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02 May 2018 Photo Charl Devenish
South Campus UAP celebrates 27 years of access to education
Mr Francois Marais, Prof Kalie Strydom, Prof Daniella Coetzee (South Campus Principal), Prof Francis Petersen, Dr Nthabeleng Rammile (Vice-Chairperson of the UFS Council), and Dr Khotso Mokhele (Chancellor of the UFS).

More than 27 years ago, international funding from the Human Sciences Research Council and Anglo American was put to an unusual use for that time. Prof Kalie Strydom’s research unit at the University of the Free State (UFS) was tasked with reviewing how institutional missions would change in the new South Africa. Prof Strydom worked closely with surrounding communities in Bloemfontein to develop a bridging course which would help students who showed potential to access tertiary education, although they did not meet the requirements. His vision brought to birth the University Access Programme (UAP), as it is known today, which is hosted on the UFS South Campus, and is still providing unique access to higher-education institutions in South Africa.

People with a passion for human development
March 2018 saw the 27th anniversary of this remarkable initiative, which has given a second chance to over 18 000 students. Special guests at the event included Prof Strydom, Mr Francois Marais, and representatives from the Department of Higher Education and Training and Investec’s corporate social investment office.

Dr Sonja Loots, researcher in the UFS Centre for Teaching and Learning (CTL), singled out two key individuals in the formation of the UAP: Prof Kalie Strydom, who initiated the programme, and Mr Marais, who has been Director of the UAP since its inception. Dr Loots highlighted one of the driving forces behind Prof Strydom’s perseverance, vision, and determination with the UAP by quoting from an interview with him for an upcoming book on student access and success. He said, “It was a decision based on principle … to be part of the solution to a better country.”

Access and success still an issue today
In his presentation on the “Importance of Access”, Prof Francis Petersen, Rector and Vice-Chancellor of the UFS, pointed out the vital role of access in South Africa, especially the value it offers for the betterment of the country’s people. However, he said that student success is also an issue, and institutions need to be accountable for it. Quoting Prof John Martin of the University of Cape Town’s Faculty of Engineering, “We must be flexible on access, but robust on success.” Only by “closing the loop” in this way, can the UFS and other higher-education institutions ensure a valuable contribution to the economy of the country.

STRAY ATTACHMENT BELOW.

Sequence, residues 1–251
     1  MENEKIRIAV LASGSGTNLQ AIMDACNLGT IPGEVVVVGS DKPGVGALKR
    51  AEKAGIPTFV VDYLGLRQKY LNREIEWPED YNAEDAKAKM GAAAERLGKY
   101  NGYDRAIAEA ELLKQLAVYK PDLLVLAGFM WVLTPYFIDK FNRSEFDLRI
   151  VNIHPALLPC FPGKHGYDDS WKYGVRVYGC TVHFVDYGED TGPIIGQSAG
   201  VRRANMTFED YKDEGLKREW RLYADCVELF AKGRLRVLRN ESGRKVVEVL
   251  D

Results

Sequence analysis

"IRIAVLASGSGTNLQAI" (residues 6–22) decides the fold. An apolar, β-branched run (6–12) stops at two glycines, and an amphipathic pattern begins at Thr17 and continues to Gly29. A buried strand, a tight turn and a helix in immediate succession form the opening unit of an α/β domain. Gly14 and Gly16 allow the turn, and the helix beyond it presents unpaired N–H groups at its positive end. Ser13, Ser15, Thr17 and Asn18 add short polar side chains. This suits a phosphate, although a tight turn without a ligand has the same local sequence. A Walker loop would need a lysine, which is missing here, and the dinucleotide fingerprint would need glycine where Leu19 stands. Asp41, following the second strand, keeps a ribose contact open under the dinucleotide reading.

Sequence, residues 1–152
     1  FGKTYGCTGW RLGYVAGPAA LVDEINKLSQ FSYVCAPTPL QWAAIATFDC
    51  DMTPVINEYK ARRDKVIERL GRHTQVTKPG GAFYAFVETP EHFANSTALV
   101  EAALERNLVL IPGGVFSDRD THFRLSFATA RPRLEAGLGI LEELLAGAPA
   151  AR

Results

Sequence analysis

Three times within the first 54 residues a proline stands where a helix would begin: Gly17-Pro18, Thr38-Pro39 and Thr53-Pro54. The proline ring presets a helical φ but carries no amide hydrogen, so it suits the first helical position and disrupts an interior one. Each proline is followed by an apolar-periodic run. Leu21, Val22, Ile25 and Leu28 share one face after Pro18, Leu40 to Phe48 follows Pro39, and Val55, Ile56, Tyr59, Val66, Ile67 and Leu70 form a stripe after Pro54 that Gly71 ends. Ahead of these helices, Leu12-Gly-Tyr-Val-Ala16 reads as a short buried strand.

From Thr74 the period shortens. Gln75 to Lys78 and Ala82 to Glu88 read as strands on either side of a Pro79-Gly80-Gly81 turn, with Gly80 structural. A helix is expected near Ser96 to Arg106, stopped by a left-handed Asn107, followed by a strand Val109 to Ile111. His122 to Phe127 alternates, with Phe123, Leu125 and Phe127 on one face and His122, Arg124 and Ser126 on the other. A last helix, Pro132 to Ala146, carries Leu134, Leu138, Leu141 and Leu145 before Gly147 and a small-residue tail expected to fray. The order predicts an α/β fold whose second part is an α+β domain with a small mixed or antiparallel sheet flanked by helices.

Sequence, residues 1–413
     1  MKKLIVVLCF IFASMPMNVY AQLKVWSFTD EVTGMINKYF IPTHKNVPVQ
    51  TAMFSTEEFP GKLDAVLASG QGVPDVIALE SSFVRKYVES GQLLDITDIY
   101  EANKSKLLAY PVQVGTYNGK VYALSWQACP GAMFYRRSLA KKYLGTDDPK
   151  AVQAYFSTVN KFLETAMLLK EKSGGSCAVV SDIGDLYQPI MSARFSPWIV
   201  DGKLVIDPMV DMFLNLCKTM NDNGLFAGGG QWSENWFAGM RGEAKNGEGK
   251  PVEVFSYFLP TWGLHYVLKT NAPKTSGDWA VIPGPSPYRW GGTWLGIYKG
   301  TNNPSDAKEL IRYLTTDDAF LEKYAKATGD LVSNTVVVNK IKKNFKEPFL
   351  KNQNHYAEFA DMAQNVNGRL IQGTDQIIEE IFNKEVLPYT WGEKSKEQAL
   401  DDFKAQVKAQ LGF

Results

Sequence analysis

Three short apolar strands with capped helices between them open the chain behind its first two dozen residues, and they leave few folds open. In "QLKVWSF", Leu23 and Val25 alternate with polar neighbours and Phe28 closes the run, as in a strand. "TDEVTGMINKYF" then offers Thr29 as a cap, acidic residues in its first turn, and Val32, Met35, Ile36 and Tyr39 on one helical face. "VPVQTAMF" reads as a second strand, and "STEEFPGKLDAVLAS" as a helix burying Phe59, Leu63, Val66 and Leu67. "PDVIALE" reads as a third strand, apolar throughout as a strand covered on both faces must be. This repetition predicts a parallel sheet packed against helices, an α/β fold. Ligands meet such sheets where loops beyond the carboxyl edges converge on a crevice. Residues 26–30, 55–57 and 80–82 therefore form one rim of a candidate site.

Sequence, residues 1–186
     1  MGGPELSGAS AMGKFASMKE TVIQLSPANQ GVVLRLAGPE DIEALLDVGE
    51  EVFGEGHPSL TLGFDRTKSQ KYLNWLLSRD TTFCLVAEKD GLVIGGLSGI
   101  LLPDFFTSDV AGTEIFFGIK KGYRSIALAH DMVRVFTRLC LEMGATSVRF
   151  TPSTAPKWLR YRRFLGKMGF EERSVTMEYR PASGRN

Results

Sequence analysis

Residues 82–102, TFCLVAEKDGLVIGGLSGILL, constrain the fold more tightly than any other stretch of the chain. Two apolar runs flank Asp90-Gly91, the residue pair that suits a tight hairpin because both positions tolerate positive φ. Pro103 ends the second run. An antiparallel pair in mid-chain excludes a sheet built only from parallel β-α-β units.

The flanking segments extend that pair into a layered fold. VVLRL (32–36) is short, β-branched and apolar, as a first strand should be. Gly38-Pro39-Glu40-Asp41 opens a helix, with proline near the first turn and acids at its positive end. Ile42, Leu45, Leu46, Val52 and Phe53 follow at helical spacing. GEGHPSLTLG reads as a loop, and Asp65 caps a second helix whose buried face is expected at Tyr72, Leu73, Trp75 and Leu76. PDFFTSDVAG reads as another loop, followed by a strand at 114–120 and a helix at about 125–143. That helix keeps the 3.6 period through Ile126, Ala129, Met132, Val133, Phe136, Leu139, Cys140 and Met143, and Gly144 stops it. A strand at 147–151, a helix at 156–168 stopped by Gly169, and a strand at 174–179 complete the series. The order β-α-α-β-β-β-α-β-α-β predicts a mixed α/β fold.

News Archive

Prof Steyn to receive Jan H Marais Prize in Stellenbosch
2017-05-09

Description: Prof Jaap Steyn  Tags: Prof Jaap Steyn

Prof Jaap Steyn, who started his career as
journalist at Volksblad, later entered the academy,
and was a professor at the University of the
Free State for many years.
Photo: Marthie Kemp

Although Prof Jaap Steyn will be honoured officially for his contribution to Afrikaans as an academic language at the end of this month, he only became aware of his nomination after he had won the award.

According to this research fellow in the Department of Afrikaans and Dutch, German and French at the University of the Free State (UFS), he is grateful for the recognition. He has recently been awarded the Jan H Marais Prize for his outstanding contribution to Afrikaans.

Former Kovsie honoured together with Prof Jan van der Watt
According to a statement by the South African Academy for Science and Arts, the award was jointly made to Prof Steyn, who is probably the best-known South African language historian, and Prof Jan van der Watt van Nijmegen from the Netherlands. The prize money of R500 000, which they will share, will be presented in Stellenbosch on 30 May 2017.

Prof Steyn is a former Kovsie, who was a research professor at the UFS from 1985 to 1997, and at the age of 78 is still a research fellow. “After the announcement of the prize, I learnt that I was nominated by two of my colleagues,” he says.

His most difficult work was probably also his best

Over the past 50 years several of his publications, biographies, and books have seen the light. He believes that nothing one does is perfect. His most difficult work was the biography of NP van Wyk Louw. “It was probably also my best work,” he says. “The book I enjoyed working on most, was the biography of the author MER, or ME Rothmann.”

Prof Steyn has also received awards such as the Stals Prize, the Louis Hiemstra Prize, the NP van Wyk Louw medal, and honorary membership from the South African Academy for Science and Arts.

He says the staff in the Department of Afrikaans and Dutch, German and French are very friendly and helpful to still render him assistance as a research fellow.


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